Ghana’s late president, John Atta-Mills, is scheduled to be buried in the capital, Accra Friday.
The spokesman for newly installed President John Dramani Mahama says Ghanaians are in mourning as the country gets ready to say a final farewell to the country’s late leader.
Spokesman John Jinapor said that despite the scheduled December election, all political activity has been suspended as a sign of respect as well as tribute to Atta-Mills.
“The planning committee has done a fantastic job… Normally when you are doing things for the first time you are likely to commit one error or the other…, but in general, I think that they have done very well," said Jinapor.
Some expressed concern about the cost of the funeral, including a speculated $30,000 casket to be used to bury the president.
“Those issues have been ironed out. The only worry is that there has been too much speculation, too many fabricated stories and falsehood being bandied around,” said Jinapor. “The overall view is that we are united in sorrow. We’ve lost a giant. We have lost an elderly statesman, [and] a man of accomplishment.”
This is the first time a Ghanaian president has died while in office. Atta-Mills, 68, died July 24 at the 37 Military Hospitals after being taken ill. He is expected to be buried at the Geese Park, located between Castle Drive and Marine Drive, near the Independence Square, Osu in Accra.
Vice President John Dramani Mahama was sworn into office hours after the president was declared dead.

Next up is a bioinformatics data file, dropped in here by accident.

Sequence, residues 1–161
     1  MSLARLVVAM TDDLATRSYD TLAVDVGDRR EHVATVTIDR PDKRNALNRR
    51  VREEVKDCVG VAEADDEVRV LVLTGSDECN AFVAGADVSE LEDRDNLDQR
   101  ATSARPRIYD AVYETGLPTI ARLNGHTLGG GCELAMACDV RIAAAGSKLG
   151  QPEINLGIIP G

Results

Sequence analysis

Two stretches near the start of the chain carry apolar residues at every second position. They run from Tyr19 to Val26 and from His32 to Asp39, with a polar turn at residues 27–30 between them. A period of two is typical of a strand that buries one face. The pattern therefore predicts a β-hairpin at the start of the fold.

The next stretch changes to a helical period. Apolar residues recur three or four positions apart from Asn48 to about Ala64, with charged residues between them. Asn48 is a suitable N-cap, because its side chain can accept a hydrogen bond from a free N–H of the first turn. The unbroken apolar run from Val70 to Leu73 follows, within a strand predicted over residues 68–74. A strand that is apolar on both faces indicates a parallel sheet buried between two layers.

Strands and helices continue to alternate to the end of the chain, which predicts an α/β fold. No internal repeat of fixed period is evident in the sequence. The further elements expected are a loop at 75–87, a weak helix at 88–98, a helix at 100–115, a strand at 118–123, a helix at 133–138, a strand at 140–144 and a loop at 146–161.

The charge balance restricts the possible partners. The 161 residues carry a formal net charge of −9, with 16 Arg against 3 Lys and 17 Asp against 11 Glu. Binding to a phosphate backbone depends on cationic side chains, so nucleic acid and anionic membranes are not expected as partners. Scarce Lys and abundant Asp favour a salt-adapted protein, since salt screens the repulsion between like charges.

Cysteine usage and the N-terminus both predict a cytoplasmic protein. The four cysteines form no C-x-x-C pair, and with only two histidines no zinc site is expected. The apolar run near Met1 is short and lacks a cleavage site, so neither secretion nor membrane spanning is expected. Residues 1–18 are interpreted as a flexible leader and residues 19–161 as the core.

Participating political parties in the December general election have suspended their campaigns ahead of the vote. Analysts however expect official campaign to begin soon after the late president is buried.
“There is unanimity and we have expressed solidarity in these difficult times. You would expect that after the funeral the political activities might pick up…but we are all mourning…and all of us are paying our tribute to our departed president,” said Jinapor.
He said President Mahama has called on politicians to respect their opponents in the run up to the election.
"The president has continued to preach that we should do our politics with a sense of decorum with a certain level of decency and within the atmosphere of peace and tranquility,” said Jinapor. “The politics should be a contestation of ideas and not a contestation of insults vituperations and abusive language.”